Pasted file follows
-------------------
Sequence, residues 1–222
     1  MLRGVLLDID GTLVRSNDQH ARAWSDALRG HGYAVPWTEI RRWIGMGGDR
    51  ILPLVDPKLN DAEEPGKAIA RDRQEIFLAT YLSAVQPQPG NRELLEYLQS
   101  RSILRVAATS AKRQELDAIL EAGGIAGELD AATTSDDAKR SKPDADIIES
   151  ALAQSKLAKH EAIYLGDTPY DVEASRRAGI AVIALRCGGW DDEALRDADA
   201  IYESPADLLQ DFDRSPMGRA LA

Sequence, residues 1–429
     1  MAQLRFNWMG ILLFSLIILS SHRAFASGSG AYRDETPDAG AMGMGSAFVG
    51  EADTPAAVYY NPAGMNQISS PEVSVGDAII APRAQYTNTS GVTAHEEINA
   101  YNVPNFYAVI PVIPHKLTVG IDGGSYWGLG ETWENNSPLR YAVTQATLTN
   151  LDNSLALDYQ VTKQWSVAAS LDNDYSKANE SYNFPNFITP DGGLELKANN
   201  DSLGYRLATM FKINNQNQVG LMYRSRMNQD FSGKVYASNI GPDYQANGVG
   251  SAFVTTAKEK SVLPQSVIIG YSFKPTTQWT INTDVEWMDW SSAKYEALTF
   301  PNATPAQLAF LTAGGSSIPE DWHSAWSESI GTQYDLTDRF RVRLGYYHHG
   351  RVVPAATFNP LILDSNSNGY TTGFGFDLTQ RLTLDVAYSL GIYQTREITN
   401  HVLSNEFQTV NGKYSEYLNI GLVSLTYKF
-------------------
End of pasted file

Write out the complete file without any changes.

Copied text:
Sequence, residues 1–222
     1  MLRGVLLDID GTLVRSNDQH ARAWSDALRG HGYAVPWTEI RRWIGMGGDR
    51  ILPLVDPKLN DAEEPGKAIA RDRQEIFLAT YLSAVQPQPG NRELLEYLQS
   101  RSILRVAATS AKRQELDAIL EAGGIAGELD AATTSDDAKR SKPDADIIES
   151  ALAQSKLAKH EAIYLGDTPY DVEASRRAGI AVIALRCGGW DDEALRDADA
   201  IYESPADLLQ DFDRSPMGRA LA

Sequence, residues 1–429
     1  MAQLRFNWMG ILLFSLIILS SHRAFASGSG AYRDETPDAG AMGMGSAFVG
    51  EADTPAAVYY NPAGMNQISS PEVSVGDAII APRAQYTNTS GVTAHEEINA
   101  YNVPNFYAVI PVIPHKLTVG IDGGSYWGLG ETWENNSPLR YAVTQATLTN
   151  LDNSLALDYQ VTKQWSVAAS LDNDYSKANE SYNFPNFITP DGGLELKANN
   201  DSLGYRLATM FKINNQNQVG LMYRSRMNQD FSGKVYASNI GPDYQANGVG
   251  SAFVTTAKEK SVLPQSVIIG YSFKPTTQWT INTDVEWMDW SSAKYEALTF
   301  PNATPAQLAF LTAGGSSIPE DWHSAWSESI GTQYDLTDRF RVRLGYYHHG
   351  RVVPAATFNP LILDSNSNGY TTGFGFDLTQ RLTLDVAYSL GIYQTREITN
   401  HVLSNEFQTV NGKYSEYLNI GLVSLTYKF